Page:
Left to Us in This Life
So there’s been some controversy over Ted Kennedy’s receipt of Catholic burial rights, with the participation of Cardinal Sean O’Malley, no less. I lean toward the other side, as described here by Catholic University School of Canon Law Dean Father Robert Kaslyn:
He compared the pastoral issue to the question of whether couples seeking a church marriage should be denied the sacrament if it’s not clear that they are sufficiently faithful. In addressing the question, Father Kaslyn paraphrased Pope John Paul II, saying that “to judge the presence or absence of sufficient faith is almost impossible, and therefore the church should presuppose that if a couple is willing to go through the preparation process that is sufficient.”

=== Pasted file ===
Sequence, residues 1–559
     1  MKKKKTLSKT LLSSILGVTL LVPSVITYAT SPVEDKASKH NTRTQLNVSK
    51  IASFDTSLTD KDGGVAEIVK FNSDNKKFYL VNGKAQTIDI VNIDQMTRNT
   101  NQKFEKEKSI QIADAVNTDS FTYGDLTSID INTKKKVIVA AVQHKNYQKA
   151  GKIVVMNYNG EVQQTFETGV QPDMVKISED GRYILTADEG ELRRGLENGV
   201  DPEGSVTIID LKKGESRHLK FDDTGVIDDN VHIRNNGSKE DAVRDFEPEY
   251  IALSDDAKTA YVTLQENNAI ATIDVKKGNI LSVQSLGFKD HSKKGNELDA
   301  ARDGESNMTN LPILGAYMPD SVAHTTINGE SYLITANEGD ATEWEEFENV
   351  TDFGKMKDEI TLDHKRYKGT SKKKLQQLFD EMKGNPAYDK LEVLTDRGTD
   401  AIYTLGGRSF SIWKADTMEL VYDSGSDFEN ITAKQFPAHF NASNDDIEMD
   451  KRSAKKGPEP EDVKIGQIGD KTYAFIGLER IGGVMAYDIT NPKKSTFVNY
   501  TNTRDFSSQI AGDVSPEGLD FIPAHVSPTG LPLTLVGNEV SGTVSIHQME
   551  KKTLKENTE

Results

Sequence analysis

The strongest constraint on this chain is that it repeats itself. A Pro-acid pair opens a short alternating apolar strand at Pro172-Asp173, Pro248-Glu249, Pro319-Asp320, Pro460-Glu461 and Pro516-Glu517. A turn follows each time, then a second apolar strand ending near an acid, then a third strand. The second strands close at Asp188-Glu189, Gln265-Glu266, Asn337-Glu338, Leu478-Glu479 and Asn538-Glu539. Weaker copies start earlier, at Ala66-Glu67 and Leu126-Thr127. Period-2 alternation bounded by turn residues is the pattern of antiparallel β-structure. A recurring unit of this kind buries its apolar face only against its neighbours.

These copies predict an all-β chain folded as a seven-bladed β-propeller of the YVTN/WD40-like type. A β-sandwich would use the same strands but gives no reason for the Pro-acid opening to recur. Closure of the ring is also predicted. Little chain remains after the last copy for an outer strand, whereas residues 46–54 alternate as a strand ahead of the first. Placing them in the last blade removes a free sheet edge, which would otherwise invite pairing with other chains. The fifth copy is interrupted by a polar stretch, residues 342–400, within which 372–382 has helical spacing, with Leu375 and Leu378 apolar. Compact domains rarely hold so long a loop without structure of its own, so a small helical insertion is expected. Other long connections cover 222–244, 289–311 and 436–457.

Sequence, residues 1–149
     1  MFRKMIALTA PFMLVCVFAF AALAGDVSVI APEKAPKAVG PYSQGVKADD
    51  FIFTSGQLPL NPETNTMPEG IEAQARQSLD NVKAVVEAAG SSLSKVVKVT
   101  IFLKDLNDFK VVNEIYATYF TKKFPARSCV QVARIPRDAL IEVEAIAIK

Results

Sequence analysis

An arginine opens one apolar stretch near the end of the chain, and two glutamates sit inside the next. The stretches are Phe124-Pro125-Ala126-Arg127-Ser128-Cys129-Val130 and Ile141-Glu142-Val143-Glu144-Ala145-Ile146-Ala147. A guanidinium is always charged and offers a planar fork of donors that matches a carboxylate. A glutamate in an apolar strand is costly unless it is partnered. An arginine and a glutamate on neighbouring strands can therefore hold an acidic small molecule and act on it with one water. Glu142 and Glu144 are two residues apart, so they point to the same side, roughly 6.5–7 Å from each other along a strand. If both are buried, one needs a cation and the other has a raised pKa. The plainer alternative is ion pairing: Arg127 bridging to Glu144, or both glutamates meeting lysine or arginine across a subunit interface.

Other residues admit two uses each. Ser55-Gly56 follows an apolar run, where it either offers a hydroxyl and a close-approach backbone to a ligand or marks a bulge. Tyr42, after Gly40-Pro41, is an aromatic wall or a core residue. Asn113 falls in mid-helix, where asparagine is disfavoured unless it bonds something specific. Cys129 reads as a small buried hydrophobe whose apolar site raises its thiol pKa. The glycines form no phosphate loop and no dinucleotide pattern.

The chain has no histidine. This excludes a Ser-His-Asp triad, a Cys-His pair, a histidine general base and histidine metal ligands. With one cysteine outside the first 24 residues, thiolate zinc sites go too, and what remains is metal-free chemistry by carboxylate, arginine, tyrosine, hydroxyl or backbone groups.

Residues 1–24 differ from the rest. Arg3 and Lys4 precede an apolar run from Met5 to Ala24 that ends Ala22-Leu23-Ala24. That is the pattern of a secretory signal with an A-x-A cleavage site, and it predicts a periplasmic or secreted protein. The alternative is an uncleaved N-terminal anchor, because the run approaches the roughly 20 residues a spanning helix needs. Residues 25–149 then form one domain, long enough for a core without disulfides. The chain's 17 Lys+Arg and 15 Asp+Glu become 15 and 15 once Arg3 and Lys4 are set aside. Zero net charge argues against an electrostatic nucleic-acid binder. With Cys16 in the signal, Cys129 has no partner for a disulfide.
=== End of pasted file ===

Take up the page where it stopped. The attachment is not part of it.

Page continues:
On the day of my marriage, I would have characterized myself as an atheist, and while I like to think that I’d have found my way to the true faith, when I later went looking for it, being already married in the Church certainly made the journey easier. Just so, our duty as believers is to do all that we can, in this life, to help others toward heavenly repose with the Father, and if the appropriate burial would facilitate that, then it is for us to put away our human pique and provide it.
That said, the presence of multiple priests and the local archbishop are unaccountable apart from the fame of the deceased, which fame is unalterably tainted with (most prominently) the stain of abortion. The Church was right to send the senator along in full hope of his ultimate salvation, but it was wrong of local clerics to make his funeral a matter of especial note based on his worldly prominence.